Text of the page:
No surprises - but following my outing I had a bit of an ME “blip”. However, I felt as though I was also having a viral attack. I felt quite wheezy, generally unwell and had bilateral hip and shoulder pain which didn’t seem to want to go away.

Joint pain and muscle fatigue are a feature of ME but usually joint pain comes and goes. This time there was was a different pattern - both shoulders joints hurt and both hip joints hurt and it wasn’t going away. I felt very debilitated and was struggling badly with energy levels.

Several days before a review appointment with Dr M in January 2018, I was struggling to get out of bed in the morning. The insidious pain had suddenly decided to become acute pain. I was plagued with morning stiffness (but not for long once I’d unstiffened) although the joint pain continued throughout the day.

I would experience more pain and stiffness after inactivity/trying to rise from a seat and so on…I also felt generally very unwell which I put down (as usual) to an ME blip. The pain did not subside during the night and I came to dread going to bed because of the constant wakening in pain.

I told Dr M of my increasing bilateral shoulder & hip joint pain and that the muscle pain seemed to radiate down my arms and one thigh. His comment to me was that normal treatment would be steroids but for me he felt this would be disastrous given my adrenal problems. He believed I would become steroid dependant and that given my weakened immune state would not be able to cope with many of the other side effects of steroids.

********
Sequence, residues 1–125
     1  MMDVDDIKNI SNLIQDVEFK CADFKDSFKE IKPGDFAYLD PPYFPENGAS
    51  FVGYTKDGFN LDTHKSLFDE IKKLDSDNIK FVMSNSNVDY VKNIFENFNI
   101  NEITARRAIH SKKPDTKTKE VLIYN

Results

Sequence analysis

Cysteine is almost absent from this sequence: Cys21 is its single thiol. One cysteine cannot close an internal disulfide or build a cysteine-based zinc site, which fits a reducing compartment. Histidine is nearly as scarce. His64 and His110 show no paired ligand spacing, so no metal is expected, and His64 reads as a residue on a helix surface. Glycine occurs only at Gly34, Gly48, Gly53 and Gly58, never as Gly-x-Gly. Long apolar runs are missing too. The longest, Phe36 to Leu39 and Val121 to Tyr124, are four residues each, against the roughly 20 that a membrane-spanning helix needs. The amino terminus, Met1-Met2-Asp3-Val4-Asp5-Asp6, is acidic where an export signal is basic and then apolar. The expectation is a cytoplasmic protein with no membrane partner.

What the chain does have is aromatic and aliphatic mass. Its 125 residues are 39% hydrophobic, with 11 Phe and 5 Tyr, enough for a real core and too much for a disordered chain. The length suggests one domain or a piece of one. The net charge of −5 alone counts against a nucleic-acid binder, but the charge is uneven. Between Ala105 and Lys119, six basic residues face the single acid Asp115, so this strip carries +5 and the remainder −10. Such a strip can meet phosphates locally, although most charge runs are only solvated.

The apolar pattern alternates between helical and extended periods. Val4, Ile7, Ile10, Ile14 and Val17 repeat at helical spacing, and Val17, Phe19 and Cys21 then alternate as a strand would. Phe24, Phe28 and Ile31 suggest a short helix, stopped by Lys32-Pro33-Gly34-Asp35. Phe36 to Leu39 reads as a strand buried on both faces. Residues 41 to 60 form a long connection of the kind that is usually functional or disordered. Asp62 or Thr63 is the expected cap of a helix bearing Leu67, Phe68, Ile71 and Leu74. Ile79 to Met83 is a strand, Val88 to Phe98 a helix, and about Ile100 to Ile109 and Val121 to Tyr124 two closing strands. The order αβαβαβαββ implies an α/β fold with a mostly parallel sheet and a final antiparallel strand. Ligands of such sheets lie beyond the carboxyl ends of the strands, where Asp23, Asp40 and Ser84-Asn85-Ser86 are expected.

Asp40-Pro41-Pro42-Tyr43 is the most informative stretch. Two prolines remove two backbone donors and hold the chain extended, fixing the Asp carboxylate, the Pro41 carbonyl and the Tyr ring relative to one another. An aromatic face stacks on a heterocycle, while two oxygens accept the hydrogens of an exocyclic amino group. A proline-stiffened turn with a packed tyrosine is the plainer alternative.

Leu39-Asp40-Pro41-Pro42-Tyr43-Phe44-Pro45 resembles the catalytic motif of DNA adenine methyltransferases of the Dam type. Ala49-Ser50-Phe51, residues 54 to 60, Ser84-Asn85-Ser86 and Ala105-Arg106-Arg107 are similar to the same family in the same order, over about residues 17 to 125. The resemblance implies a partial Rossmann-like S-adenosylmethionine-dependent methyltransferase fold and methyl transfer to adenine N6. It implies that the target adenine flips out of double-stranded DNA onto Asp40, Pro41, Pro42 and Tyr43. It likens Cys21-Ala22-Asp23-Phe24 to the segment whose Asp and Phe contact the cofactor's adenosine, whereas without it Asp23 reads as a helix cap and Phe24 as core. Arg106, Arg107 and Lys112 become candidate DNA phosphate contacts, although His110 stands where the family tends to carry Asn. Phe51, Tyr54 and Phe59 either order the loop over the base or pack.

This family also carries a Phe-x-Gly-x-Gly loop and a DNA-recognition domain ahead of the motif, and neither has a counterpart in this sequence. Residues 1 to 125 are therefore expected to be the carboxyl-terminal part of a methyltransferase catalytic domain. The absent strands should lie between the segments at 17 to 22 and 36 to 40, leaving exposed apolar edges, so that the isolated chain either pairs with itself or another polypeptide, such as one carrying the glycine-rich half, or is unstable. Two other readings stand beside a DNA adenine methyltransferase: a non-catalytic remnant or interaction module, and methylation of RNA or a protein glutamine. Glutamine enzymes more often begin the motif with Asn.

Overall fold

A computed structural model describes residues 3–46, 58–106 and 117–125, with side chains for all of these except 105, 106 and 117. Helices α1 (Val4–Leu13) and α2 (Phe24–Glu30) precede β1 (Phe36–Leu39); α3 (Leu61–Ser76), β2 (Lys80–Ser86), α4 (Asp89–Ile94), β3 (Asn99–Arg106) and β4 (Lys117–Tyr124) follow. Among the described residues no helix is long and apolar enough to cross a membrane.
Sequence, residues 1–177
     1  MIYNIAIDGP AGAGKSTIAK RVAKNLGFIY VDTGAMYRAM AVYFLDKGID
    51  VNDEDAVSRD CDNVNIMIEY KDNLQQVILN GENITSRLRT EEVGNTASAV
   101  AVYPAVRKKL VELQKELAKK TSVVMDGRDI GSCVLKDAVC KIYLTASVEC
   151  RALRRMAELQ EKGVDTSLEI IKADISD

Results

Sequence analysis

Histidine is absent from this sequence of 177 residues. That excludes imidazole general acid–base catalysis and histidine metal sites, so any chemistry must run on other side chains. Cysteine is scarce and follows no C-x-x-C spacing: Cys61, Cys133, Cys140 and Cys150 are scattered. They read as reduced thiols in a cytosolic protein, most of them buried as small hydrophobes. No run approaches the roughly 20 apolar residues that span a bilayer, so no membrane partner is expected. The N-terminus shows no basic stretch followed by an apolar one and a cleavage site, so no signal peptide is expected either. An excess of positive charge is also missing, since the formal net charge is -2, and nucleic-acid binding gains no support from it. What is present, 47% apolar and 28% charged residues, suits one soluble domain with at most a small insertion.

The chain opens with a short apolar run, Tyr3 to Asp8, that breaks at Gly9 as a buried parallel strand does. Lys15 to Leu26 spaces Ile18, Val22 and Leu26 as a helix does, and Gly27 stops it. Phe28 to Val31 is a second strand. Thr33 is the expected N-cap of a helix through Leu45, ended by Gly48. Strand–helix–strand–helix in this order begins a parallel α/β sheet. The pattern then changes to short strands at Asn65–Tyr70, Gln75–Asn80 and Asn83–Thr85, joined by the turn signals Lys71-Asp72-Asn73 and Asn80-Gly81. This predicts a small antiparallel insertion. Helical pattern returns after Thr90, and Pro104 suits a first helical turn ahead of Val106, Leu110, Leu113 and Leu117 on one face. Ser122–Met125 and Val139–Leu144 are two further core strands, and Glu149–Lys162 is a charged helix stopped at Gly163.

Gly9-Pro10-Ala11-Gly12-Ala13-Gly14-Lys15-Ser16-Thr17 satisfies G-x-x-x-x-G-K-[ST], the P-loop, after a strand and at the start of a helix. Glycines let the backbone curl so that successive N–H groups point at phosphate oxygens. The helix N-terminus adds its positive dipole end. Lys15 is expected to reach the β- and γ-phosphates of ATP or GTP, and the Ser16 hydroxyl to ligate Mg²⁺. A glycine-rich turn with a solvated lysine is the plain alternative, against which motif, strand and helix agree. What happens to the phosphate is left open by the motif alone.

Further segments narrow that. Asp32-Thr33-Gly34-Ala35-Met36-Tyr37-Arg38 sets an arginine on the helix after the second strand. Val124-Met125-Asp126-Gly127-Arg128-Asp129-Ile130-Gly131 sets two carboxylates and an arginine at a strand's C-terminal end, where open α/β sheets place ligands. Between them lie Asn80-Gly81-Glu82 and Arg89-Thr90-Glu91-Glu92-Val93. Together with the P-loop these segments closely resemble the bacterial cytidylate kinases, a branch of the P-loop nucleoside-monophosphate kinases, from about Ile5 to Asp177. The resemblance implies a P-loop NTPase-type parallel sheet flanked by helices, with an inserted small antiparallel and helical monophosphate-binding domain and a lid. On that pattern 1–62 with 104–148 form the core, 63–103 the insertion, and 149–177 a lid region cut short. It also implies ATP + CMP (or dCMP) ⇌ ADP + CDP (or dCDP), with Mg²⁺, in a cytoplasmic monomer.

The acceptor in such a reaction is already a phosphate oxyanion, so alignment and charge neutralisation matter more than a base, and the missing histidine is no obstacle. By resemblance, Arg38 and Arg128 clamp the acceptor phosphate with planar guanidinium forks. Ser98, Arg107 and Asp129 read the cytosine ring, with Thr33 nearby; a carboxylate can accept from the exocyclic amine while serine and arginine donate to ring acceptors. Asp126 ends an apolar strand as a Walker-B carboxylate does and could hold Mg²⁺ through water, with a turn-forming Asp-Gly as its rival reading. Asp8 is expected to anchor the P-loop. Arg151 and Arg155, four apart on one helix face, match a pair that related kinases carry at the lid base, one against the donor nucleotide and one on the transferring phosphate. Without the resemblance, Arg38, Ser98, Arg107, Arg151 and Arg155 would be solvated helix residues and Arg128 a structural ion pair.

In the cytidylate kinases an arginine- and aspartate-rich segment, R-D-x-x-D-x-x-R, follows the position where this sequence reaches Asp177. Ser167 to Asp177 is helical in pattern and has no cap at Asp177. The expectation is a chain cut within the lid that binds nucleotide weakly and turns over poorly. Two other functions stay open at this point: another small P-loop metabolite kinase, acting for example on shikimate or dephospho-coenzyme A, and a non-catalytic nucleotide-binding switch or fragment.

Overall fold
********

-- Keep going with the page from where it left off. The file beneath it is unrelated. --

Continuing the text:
We agreed that we would try to stabilise all my acute symptoms with closely managed T3 (liothyronine) medication.

It’s not working. My GP wants to refer me to a Rheumatologist. All my blood tests results are normal save for my CRP which has been up and down since I had the TVT surgery in 2016 but not drastically so. Latest result of CRP 11.

My GP is suggesting a referral to a Rheumatologist or a referral back to my Endo doctor for his opinion before referral.

For my part the symptoms I have been experiencing feel quite different and distinct from those of my ME.

The Quandary is – is this just another manifestation of my ME or is it PMR?

I don’t have notable morning stiffness which seems to be part of the criteria for diagnosis of PMR. I certainly have stiffness & pain after inactivity together with feeling generally/overwhelmingly unwell.

I have bilateral hip & shoulder joint pain (big time) that radiates down to my muscles every day to varying degrees